Three months ago today I quit Twitter. Of course, in grand scheme of life on the planet, this decision is so infinitesimally significant as to be completely meaningless. But given the number hours of my life that I spent on Twitter prior to February 4, 2014, the choice to leave has been personally consequential.
The most notable change has been a “weening off” from the fire hydrant of “what’s happening now”. Three months on, “now” is much more about whatever I’m doing at present, and less about what everyone else is doing (or, more specifically, what every one else is saying). But the first few weeks were frustrating, as I anxiously wondered what I might possibly be missing — a classic symptom of “newsfeed withdrawal”.
Over the last three months, I have followed local and global happenings much more slowly. I’ve also spent more time reading books. Combined, this is has led me wrestle with a question that I believe is critical to the way we approach media: “Is anything actually going to happen today that has not already happened a hundred times before?” Disasters, inventions, collapses, breakthroughs, calamities, discoveries, accidents, innovations, mergers, uprisings, bankruptcies, scandals… these are the medium of history. This is how we record the chronology of human existence. And you and I dwell within only the tiniest sliver of the whole story.
Twitter is like a viewer-curated version of the twenty-four hour news cycle. And, like the media conglomerate’s version of the phenomenon, it too reaches a natural threshold of relevance: if everything is important — all of the time — then nothing is ever really important. “Importance” becomes a self-referential metric of viewer ratings and retweets, because there is no other objective criteria to quantify its value. In the end, the fact that it is happening now becomes the sole criterion for importance… and the fact that it is declared as “important” endows the knower with a certain prestige and status: “Oh what? I can’t believe you haven’t seen that video yet!” (What is “viral” if not the designation that something is important for no other reason than the fact that is spreading right now?)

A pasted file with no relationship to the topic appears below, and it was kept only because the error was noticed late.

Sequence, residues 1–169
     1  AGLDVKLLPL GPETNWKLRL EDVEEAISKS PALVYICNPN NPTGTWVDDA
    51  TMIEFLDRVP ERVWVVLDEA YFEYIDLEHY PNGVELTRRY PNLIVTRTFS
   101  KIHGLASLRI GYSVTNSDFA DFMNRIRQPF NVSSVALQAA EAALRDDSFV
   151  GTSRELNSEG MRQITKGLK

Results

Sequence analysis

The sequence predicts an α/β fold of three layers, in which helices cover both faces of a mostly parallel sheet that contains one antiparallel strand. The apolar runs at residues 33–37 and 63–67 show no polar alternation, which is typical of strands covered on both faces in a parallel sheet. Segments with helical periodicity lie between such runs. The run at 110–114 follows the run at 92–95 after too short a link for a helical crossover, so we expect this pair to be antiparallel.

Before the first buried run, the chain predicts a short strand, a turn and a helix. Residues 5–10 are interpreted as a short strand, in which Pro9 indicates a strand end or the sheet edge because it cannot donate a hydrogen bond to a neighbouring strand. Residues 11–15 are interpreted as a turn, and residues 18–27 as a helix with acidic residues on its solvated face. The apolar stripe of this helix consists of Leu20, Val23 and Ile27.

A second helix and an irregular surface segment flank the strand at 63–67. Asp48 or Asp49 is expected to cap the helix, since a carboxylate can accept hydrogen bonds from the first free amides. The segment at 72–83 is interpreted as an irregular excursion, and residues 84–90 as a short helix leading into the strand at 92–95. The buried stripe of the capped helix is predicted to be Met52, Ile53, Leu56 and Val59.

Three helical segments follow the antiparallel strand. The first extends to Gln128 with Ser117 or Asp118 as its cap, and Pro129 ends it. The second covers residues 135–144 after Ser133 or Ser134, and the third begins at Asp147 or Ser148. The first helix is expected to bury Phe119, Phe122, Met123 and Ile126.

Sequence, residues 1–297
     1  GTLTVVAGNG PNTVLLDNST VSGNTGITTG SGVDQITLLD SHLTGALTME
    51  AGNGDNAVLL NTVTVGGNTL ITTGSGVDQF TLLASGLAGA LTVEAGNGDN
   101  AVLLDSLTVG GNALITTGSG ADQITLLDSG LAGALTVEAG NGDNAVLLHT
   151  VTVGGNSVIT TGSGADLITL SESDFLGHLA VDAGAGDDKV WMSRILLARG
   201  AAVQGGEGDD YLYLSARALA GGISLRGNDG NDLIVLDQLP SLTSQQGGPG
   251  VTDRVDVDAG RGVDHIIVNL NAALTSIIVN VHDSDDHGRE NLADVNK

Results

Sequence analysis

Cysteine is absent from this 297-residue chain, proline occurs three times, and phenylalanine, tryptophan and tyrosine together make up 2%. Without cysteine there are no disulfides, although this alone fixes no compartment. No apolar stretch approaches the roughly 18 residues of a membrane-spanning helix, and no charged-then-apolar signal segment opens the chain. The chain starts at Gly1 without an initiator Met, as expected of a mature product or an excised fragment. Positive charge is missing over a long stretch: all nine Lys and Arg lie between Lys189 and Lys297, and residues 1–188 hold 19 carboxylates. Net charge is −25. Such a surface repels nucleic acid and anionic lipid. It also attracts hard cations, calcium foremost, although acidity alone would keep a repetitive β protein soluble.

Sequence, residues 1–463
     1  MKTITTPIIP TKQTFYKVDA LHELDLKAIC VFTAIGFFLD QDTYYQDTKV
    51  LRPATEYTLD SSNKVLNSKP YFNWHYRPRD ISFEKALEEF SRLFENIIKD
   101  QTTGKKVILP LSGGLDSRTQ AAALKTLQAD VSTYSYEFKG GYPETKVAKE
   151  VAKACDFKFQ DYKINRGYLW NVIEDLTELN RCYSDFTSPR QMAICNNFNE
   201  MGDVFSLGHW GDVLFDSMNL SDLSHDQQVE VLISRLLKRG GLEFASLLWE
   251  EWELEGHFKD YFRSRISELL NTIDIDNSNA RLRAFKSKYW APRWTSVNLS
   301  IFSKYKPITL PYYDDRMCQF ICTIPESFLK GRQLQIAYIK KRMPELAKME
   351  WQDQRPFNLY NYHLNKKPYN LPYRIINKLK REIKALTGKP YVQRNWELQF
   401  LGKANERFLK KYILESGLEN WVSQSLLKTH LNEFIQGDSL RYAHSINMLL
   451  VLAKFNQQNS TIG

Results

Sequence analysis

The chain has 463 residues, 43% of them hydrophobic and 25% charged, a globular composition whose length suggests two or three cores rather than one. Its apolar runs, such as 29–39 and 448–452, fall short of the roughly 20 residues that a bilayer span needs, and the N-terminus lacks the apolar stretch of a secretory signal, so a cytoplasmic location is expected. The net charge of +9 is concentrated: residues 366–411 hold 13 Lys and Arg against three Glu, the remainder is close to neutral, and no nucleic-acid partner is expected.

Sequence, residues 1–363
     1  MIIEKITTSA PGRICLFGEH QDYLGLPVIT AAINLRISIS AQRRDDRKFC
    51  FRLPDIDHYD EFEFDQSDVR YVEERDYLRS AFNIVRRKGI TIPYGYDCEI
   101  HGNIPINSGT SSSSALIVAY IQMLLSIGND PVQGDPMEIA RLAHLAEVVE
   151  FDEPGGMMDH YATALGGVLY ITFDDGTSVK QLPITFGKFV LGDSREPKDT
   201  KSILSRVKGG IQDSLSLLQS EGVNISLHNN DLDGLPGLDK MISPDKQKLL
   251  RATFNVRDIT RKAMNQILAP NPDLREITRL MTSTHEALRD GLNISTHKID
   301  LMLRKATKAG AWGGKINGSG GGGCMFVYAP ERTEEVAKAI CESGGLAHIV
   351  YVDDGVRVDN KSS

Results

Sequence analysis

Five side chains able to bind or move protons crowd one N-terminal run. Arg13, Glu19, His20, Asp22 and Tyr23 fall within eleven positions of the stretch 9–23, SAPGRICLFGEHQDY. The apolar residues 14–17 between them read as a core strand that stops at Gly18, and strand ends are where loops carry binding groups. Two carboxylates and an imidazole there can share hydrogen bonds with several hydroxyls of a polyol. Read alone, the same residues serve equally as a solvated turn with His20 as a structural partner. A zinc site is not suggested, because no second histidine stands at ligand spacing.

One can imagine a multitude of naturally selective reasons why we are inclined to think that whatever is happening right now is important. Keeping your radar up and your head on a swivel is extremely valuable in the game of survival. These intuitions run deep. Perhaps it is because of our instinct to be on high alert for ominous rustlings in the bushes that our attention is so easily hijacked by a little, portable device that instantaneously notify us every time a bush moves in the breeze (no matter where in the world the bush might be).
It is like we have technologically outpaced our evolutionary capacity to sensibly monitor our environment: we haven’t quite figured out that it is very difficult confidently say whether or not the events that happen on any given day are “important” until well after the day has passed. Importance is largely an invention of time herself, as she weighs consequences and ramifications. Today may be extremely important or completely insignificant — but today it is quite difficult to tell one way or another. Oh, we can theorize, hypothesize, scrutinize, and analyze the last twenty-four hours (or the last five minutes) till we’re blue in the face, but all we can produce are speculations about what it will all actually mean a year or two from now.
Leaving Twitter has prompted me to reframe how I understand what is “important” information. Today’s minute-by-minute commentary will be replaced by new commentary tomorrow, no matter how dramatic, sensational, or scandalous it seems right now. Its shelf live is as fleeting as minutes themselves.
I suspect that today’s importance is not simply a measurement of what happens today, nor is it necessarily composed of the abundant opinions we express about said happenings (regardless of how informed we fancy ourselves to be). What makes today important is how and why it sets the stage for life in five, ten, or a thousand years from now… just as the history of the last five, ten, and thousand years set the stage for us today. When it comes to understanding what is important, history seems far more informative than the present. The present is perpetually ignorant of why it might matter. Only from the longview of hindsight will we ever know if our collective, trending uproars are about anything of consequence at all.
Leaving Twitter has felt a little bit like jumping off the bandwagon of “now”. The experience has suggested that I might have more to learn about “the present” by looking back than by staring at an endless, minute-by-minute steam of dialogue, opinion, and reaction.
After all, we will always have opinions about the present and predictions about the future. What we seem to miss is that our opinions and predictions have all happened before, they have come and gone like the seasons.
At least, that’s what I’ve learned over the last three months.